Uber's effort to meld its pioneering ride-hailing service with food and freight delivery showed progress during the past quarter even though the company sustained a huge loss stemming from a sharp decline in its outside investments.
Looking past Uber's second-quarter loss of $2.6 billion announced Tuesday, Wall Street celebrated a significant milestone that raised hopes that Uber is on the verge of becoming a self-sustaining business.
The good news arrived Tuesday in the form of a key metric known as free cash flow. Uber generated $382 million in cash during the April-June period, the first quarter in the company's 13-year history that it didn't hemorrhage money.
Uber has now been profitable for four consecutive quarters under a financial yardstick called EBIDTA, or “adjusted earnings before interest, taxes, depreciation and amortization.”
By that measure, Uber earned $364 million during the second quarter, breezing past industry analyst projections of $277 million, according to FactSet Research.
Uber still sustained a massive loss that translated into $1.33 per share primarily caused by declines in Uber's stake in Aurora, a self-driving car company, and a Singapore transportation service called Grab.
CEO Dara Khosrowshahi said Tuesday that he is confident the company will build upon its momentum and possibly surpass a previously set goal of generating $1 billion in free cash flow annually.
Khosrowshahi said he now believes Uber is in its strongest position since he was hired as the company's top executive nearly five years ago. Khosrowshahi took over after co-founder Travis Kalanick was pushed out amid a series of scandals, from sexual harassment claims and cover-ups, to allegations of stealing self-driving car technology.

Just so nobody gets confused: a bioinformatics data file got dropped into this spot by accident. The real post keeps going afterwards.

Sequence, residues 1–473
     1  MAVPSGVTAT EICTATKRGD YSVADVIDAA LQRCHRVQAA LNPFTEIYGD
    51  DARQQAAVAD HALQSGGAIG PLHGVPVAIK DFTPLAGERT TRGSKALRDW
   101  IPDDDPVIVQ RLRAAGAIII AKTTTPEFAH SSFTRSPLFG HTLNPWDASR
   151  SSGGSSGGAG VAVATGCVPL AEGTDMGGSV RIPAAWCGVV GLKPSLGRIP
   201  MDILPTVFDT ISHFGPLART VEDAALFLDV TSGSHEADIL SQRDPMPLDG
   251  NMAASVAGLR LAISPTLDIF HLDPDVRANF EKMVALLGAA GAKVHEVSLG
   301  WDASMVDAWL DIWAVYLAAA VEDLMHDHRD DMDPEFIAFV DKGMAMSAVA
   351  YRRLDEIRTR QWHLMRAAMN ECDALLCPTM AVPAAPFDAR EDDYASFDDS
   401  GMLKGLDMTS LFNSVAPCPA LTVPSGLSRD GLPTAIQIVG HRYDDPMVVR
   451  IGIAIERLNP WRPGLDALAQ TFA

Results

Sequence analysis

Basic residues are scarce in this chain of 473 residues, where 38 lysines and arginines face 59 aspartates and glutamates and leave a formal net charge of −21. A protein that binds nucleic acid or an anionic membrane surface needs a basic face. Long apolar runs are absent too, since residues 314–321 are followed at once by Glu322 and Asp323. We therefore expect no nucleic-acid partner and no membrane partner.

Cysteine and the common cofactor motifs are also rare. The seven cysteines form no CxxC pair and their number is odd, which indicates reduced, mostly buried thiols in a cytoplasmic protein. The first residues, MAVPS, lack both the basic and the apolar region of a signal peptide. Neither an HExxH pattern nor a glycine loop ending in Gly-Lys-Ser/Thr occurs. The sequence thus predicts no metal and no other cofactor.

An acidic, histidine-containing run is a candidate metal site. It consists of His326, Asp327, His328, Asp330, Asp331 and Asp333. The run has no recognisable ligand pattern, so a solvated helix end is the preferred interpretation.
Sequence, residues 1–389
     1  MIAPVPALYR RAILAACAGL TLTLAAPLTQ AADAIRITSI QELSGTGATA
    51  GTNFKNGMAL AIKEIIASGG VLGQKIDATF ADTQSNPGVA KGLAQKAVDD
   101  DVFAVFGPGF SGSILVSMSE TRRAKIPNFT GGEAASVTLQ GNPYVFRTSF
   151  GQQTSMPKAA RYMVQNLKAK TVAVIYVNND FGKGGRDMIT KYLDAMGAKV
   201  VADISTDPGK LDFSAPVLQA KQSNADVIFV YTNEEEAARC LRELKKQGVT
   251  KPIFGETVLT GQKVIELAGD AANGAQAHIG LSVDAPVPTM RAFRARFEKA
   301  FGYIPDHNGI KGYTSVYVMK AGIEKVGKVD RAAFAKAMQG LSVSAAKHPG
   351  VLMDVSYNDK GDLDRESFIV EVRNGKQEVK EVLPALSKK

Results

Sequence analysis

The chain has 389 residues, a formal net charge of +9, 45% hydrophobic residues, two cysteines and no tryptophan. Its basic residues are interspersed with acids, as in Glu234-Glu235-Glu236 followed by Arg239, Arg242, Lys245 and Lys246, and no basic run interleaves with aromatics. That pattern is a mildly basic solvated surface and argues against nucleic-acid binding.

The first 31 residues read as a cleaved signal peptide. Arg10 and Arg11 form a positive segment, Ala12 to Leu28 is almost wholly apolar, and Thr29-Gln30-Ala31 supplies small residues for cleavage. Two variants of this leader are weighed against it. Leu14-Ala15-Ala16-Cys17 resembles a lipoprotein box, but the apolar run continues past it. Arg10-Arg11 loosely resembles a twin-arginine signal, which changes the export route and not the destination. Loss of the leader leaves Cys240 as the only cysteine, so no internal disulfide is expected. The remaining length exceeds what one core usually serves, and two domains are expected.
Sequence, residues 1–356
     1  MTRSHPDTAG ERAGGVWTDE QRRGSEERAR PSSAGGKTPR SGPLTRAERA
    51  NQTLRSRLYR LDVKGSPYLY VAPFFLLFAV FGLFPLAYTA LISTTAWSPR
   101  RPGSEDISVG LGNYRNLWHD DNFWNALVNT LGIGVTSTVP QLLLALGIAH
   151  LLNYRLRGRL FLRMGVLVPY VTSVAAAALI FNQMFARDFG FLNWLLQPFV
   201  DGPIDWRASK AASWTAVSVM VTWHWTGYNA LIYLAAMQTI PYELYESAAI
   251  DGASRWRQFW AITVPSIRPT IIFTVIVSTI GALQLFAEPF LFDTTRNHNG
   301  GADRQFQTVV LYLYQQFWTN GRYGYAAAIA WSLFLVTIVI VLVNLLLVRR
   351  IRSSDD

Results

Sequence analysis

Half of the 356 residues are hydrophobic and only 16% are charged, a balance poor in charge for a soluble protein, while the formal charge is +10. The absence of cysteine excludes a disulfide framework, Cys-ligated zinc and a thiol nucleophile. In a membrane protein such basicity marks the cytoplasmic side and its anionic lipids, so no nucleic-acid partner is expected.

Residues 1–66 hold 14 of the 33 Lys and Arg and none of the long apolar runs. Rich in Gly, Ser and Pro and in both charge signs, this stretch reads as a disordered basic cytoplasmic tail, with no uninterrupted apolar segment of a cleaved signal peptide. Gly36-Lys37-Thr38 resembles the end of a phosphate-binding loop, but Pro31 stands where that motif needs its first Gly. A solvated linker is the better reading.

Shares of Uber Technologies Inc., based in San Francisco, jumped nearly 19% to close Tuesday at $29.25. The stock is still down by 30% this year, and far below its peak of about $64 reached early last year.
The downturn largely reflects ongoing skepticism about whether Uber will be able to keep charging high enough prices for rides and food delivery to consistently make money over the long term. Through most of its history, Uber had been able to lure customers to its services with low prices that were subsidized by the billions of dollars that it raised from venture capitalists and other investors before becoming a publicly traded company in 2019.
Less than a year later, the pandemic hit and demand evaporated as government lockdowns corralled millions at home and people stopped driving.
Uber's ride-hailing service has now surpassed its pre-pandemic levels, even though Khosrowshahi told analysts Tuesday that demand remains suppressed in several major U.S. cities such as San Francisco, Los Angeles and Seattle where large numbers of people continue to work remotely.
Elsewhere, passengers are returning to Uber in droves and appear willing to pay for the higher fares that the service is charging even in the face of soaring inflation.
Passengers took a total of 1.87 billion trips on Uber during the spring and early summer, a 24% increase compared with the same time last year. That’s about 21 million trips per day, on average. The volume also surpassed the 1.68 billion passenger trips that Uber provided during the second quarter of 2019 before the pandemic upended everything.
Wedbush Securities analyst Daniel Ives said the second quarter suggests Uber can “produce profits while navigating inflationary pressures and pockets of driver shortages that still linger in some cities."
The surge in ridership helped Uber more than double its revenue from the same time last year to nearly $8.1 billion.
Uber's higher fares and other incentives are making driving for the service a more attractive option, too. Drivers who work exclusively for the ride-hailing service are now making about $37 per hour while those that also spend some of the time on the food delivery side.